Raoul Wallenberg: A very different kind of superhero

Posted: August 04, 2012

As I sat across from Raoul Wallenberg's half-sister, Nina Lagergren, at a hotel in Stockholm years ago, she breathed fresh truth into what would have been a cliché coming from most others: "The hope is with the young."

Back in 1944, her older brother had put his life on the line for the young, declaring in Budapest, Hungary, "I have come to save a nation; I must save the children first." Sent by the U.S. War Refugee Board, he saved as many as 100,000 Hungarian Jewish men, women, and children in just six months. Wallenberg, who would have marked his 100th birthday today, was once credited in the Guinness Book of World Records with saving more lives than any other individual, and he did so without ever using a weapon.

Without ever using a weapon? How many of our children can imagine such a hero? In a culture saturated with violent fictitious "superheroes," imagine the contrasting lessons of Wallenberg's legacy.

Wallenberg used his keen intellect and ingenuity — fueled by his fervent belief in the moral responsibility he was entrusted with — to outwit the Nazis. And he gave the Jews he saved another priceless gift besides their very lives: Vera Goodkin, a New Jersey college professor whom Wallenberg saved when she was 14, once said, "Because he believed the Jews were worthy of saving, this righteous Christian gave them back their dignity."

Wallenberg took on the role of diplomat for his neutral home country, Sweden, to implement his incredible rescue of Budapest's Jews. He issued elaborate, fabricated immunity passes, sheltered Jews in Swedish safe houses, and audaciously but effectively intervened in deportations and death marches — bringing food, water, and the protective Schutz Passes — despite death threats and attempts on his life. And toward the end of the war, he prevented the bombing of Budapest's central ghetto, packed with 70,000 Jews, by boldly threatening a Nazi general.

In January 1945, shortly after he approached occupying Soviet troops for food and medical supplies for the survivors of Budapest, he was illegally arrested by the Soviet secret police. Tragically, he was never seen again as a free man, and how and when he died remains a historical mystery. (The Russians have never provided an incontrovertible explanation of what exactly happened to him.)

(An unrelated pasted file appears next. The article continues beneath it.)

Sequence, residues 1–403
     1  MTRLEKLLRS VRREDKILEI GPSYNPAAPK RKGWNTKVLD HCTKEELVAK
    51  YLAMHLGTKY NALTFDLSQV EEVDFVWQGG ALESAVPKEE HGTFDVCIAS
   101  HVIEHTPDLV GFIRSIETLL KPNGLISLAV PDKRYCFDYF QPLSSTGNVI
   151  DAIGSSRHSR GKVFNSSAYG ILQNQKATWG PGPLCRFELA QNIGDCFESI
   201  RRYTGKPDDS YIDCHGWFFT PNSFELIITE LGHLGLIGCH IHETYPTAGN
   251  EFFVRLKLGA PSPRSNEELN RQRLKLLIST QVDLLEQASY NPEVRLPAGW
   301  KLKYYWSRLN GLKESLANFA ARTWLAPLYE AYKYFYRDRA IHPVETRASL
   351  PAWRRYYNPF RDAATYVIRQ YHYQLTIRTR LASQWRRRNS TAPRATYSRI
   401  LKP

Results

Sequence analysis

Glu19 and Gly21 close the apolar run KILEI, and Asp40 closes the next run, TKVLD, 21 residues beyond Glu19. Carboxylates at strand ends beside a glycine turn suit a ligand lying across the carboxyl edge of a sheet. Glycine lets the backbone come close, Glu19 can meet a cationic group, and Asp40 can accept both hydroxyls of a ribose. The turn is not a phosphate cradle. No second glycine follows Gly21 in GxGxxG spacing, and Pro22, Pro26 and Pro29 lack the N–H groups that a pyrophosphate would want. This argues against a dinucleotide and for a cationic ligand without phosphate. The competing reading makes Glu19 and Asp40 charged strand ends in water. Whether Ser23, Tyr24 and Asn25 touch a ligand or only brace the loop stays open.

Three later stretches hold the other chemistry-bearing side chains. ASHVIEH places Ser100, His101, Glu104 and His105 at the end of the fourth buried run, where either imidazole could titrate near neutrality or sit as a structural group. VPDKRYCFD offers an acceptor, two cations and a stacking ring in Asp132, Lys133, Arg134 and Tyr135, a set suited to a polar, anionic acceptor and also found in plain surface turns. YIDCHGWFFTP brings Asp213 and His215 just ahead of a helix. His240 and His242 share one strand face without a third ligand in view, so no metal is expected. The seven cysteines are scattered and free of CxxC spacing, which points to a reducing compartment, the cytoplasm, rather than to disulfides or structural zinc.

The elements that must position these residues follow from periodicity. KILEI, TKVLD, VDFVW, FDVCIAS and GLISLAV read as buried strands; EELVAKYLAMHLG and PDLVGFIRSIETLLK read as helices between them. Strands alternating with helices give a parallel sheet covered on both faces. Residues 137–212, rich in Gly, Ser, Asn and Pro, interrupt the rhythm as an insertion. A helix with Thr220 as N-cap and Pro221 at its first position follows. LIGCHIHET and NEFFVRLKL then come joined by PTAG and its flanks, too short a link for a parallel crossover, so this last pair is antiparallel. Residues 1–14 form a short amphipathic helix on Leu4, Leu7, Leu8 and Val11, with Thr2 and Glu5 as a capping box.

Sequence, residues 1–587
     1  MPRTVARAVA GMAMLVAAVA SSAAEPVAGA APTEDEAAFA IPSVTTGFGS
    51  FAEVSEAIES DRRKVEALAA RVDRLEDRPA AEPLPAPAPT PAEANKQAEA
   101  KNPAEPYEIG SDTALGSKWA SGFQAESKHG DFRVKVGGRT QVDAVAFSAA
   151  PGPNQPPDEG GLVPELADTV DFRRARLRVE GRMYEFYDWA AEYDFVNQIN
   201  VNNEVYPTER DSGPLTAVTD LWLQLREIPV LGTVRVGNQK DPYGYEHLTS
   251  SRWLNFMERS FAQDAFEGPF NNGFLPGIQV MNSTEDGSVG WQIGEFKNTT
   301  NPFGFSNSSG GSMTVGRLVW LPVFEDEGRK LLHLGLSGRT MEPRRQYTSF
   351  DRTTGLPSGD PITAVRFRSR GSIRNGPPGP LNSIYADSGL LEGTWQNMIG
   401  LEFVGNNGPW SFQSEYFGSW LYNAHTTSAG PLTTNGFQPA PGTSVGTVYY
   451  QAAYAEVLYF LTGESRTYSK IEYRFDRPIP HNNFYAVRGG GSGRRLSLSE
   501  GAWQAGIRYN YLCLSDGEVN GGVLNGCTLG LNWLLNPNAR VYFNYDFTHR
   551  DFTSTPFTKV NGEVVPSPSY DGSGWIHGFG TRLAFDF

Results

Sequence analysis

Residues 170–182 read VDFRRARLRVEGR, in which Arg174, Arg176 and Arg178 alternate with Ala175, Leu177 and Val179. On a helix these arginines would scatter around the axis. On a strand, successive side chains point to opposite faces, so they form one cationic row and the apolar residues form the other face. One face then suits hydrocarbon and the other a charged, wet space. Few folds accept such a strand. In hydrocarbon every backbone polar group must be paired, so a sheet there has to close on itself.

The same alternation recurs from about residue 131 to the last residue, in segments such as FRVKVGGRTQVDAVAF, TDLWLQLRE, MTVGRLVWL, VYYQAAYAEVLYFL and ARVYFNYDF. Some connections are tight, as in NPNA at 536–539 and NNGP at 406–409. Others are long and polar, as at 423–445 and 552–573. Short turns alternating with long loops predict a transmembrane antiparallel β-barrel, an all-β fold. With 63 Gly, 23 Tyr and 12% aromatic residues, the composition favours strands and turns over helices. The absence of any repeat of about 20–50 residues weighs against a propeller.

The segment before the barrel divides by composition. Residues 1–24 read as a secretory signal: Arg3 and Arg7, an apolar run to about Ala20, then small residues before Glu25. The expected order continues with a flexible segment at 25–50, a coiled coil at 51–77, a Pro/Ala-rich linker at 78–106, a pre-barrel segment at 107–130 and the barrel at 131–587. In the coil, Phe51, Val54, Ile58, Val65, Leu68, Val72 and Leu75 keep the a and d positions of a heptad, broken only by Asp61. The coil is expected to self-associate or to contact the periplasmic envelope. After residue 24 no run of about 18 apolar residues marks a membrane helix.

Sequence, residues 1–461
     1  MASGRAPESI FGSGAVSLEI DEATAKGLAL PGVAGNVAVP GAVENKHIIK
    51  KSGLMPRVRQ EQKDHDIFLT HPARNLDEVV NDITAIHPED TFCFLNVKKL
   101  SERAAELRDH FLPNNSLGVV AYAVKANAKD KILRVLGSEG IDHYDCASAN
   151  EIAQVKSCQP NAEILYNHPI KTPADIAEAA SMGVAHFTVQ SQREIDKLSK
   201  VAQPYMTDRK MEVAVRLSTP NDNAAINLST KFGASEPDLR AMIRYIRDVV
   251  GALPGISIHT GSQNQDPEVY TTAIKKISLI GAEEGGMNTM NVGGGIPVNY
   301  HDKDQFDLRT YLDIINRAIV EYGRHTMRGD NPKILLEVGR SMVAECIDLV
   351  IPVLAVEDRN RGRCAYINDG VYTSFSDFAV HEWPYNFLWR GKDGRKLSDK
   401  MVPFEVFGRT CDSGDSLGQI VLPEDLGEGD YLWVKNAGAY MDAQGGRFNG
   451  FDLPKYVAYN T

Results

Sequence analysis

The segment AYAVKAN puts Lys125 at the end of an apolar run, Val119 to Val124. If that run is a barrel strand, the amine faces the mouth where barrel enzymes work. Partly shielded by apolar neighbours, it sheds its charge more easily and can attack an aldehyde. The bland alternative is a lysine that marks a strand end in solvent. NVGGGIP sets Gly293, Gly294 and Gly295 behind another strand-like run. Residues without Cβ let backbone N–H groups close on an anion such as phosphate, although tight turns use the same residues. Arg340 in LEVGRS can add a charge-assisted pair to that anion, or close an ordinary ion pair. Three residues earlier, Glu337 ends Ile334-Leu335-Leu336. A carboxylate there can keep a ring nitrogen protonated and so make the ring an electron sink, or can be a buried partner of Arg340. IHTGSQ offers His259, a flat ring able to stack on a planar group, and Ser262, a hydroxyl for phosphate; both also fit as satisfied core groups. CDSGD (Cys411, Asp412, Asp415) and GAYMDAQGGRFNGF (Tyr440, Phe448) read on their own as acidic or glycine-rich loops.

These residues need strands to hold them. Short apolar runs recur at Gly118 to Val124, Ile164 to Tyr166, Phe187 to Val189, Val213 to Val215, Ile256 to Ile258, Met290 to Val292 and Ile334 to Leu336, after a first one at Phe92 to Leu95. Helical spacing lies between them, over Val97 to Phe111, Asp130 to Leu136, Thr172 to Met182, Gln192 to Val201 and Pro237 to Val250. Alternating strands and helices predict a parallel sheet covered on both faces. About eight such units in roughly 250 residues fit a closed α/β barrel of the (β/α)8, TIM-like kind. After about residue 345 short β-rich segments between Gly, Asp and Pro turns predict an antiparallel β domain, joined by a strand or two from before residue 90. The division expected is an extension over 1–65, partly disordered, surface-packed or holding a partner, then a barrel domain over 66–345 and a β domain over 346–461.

In 1981, Wallenberg was declared an honorary U.S. citizen, the second so named (after Winston Churchill). Last week, President Obama signed a bill posthumously awarding him the Congressional Gold Medal, the nation's highest civilian honor.

But what's more important than the Wallenberg memorials found worldwide, his sister told me, are the classrooms where his ideals are instilled and explained. Lagergren described such lessons as "living monuments," saying, "We must get out Raoul's message; we must pass it on to new generations, the idea that he risked his life every day in Budapest to fight for human rights."

Emulating Raoul Wallenberg's altruistic and peaceful choices is a challenging imperative. Actively teaching our children about those choices is the best way to perpetuate his precious legacy of life.

Ilene Munetz Pachman is a writer and retired teacher who lives in Bucks County. She helped lead the successful effort to honor Wallenberg with a commemorative U.S. postage stamp. She can be reached at pachman@verizon.net.

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